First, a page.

Beijing is losing patience with its troublesome client state North Korea, demonstrated by Xi Jinping’s visit to Seoul at the start of this month before ever stepping on North Korean soil so far in his presidency or extending an invitation to Pyongyang’s leader Kim Jong-un to visit Beijing.
In a telling exchange, Tian Guoli, chairman of the Bank of China, who was along for the trip, described China and Korea as “close neighbors like a mouth and tongue.” That is almost a blasphemous reworking of Mao Zedong’s famed words defining the partnership with the North Korean ally—as like “lips and teeth.”
That doesn’t mean Beijing is going to give up on a client state that has served as a useful buffer blocking US influence for more than five decades. During the Korean War (1950-1953), China sided with the North, losing 114,000 soldiers in action with another 70,000 dying of wounds. Some 25,000 remain missing, a total loss of more than 200,000 of China’s young men.
Nonetheless, the Chinese leader was obviously courting a potential ally and isolating the US, renewing and empowering bilateral exchanges and launching a public attack on the rebellious North. Without bothering with the traditional flattery doled out to Pyongyang by past Chinese leaders, Xi met his counterpart Park Geun-hye without ever acknowledging the North.
Moreover, it was the second meeting by Park and Xi since the Korean head of state visited China the previous summer. Kim Jong-un, who took over the country at his father’s death two years ago, has yet to receive an official invitation from Beijing. a potent snub, given the longstanding relationships between the two countries.
Today Pyongyang is deeply connected to Beijing for 90 percent of its economy, but the reopening of nuclear programs and the latest North Korean missile provocations right before Xi’s visit to the south definitely cooled Beijing towards its protégé. Therefore although diplomatic relations with Seoul date back only to the 1990s, the ROK and the PRC are getting closer to the eventual pursuit of a common objective: denuclearization of the Korean peninsula.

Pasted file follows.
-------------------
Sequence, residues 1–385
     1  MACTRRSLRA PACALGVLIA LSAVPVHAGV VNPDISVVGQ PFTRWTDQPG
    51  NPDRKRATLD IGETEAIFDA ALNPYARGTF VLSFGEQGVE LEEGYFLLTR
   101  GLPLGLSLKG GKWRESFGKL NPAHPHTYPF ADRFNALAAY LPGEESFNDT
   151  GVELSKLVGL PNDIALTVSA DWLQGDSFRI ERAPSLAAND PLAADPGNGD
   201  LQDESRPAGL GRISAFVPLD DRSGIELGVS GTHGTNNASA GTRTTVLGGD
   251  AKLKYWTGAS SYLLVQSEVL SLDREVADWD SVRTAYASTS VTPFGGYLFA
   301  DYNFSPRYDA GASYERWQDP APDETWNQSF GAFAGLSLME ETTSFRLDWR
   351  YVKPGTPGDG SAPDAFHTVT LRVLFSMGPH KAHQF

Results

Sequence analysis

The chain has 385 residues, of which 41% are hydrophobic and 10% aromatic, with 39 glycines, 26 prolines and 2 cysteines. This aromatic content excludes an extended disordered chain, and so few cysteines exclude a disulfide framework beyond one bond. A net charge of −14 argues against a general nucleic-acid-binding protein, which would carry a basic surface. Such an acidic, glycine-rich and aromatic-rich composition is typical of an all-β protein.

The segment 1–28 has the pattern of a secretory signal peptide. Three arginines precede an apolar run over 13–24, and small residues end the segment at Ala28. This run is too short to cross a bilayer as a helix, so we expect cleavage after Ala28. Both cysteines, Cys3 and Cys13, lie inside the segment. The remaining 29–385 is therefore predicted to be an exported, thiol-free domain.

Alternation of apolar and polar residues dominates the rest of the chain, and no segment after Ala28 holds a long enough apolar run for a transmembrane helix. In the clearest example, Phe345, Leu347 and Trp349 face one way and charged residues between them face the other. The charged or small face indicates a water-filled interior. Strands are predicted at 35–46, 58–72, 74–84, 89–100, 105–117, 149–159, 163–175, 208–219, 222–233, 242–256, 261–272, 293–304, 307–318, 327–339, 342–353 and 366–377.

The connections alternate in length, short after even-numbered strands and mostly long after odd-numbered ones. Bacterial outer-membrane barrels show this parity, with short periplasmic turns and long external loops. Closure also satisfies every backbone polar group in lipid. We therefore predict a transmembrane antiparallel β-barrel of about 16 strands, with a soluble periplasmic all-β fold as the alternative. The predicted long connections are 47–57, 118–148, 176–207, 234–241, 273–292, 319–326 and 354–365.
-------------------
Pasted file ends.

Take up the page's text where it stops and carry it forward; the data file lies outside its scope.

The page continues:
Still, if the objective is clear, agreement on the methods is not, with China impatient for a reopening of the six-party talks in limbo since 2009, while South Korea and the US demand serious signs of the north’s goodwill in dropping any atomic ambition. Around mid-June, Liu Jianchao, an aide to the Chinese Foreign Affairs Minister, pointed out that there is no military alliance between China and North Korea.
However, there is deep concern that a stricter attitude towards the fragile and impoverished Kim regime might cause it to implode, with a subsequent massive wave of refugees crossing the border into China. The Chinese dragon is committed maintaining the trading relations that keep the North afloat. Sanctions aside, Beijing has promised three high-speed railway lines connecting northeastern Chinese cities to the “last iron curtain,” with millions of dollars allocated to border-area bridges and street projects, along with the first cross-border power lines.
The state-owned Chinese press agency Xinhua commented recently on events: “The crucial point of the current situation in the Korean peninsula depends on mutual mistrust and hatred between the US and the DPRK. The counterproductive obsession of Washington for sanctions and intimidation, and the understandable feeling of insecurity in Pyongyang, as well as the pointless violations to the UN’s resolutions, only managed to aggravate the hostilities.”
Washington thus seems to have been the real “stone guest” in Xi’s two-day visit to Seoul as Beijing seeks to reorganize the system of alliances that the Unites States has built in the region. The circumstances look excellent, given the increased understanding with South Korea – which still hosts about 30,000 US troops.
There is also common impatience about Washington’s most important Asia-Pacific ally, Japan, and its growing militarism. There is continuing anger over Japanese WWII atrocities. Added to that, Japan is revising its pacifist constitution, stirring concern in both Beijing and Seoul. Aside from that there is the rapprochement between Japan and North Korea over the ancient issue of kidnapped Japanese citizens. The Japanese government relaxed some sanctions inflicted on Pyongyang after the third nuclear test in exchange for a re-examination of the case.